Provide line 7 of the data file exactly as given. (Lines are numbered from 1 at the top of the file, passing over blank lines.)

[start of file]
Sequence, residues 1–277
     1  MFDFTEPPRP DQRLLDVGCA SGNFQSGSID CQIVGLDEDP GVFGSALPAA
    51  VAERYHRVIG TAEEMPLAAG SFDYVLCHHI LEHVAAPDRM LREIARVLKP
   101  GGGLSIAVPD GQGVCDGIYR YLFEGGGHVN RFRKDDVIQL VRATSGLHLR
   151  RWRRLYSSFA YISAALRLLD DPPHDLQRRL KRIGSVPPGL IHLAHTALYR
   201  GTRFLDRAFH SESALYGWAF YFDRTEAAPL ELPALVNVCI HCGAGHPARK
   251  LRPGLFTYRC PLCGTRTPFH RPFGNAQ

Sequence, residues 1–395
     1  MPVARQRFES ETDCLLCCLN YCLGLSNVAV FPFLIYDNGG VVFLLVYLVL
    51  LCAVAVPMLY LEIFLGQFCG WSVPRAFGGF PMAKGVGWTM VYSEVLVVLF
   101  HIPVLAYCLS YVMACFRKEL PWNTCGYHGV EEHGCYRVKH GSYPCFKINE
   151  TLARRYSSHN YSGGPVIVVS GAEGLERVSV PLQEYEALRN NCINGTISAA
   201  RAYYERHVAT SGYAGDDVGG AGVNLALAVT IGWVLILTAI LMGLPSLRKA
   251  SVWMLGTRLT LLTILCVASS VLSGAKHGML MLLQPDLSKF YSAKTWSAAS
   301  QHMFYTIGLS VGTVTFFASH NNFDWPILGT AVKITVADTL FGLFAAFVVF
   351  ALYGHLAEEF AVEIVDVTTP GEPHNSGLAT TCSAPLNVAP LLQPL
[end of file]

   251  LRPGLFTYRC PLCGTRTPFH RPFGNAQ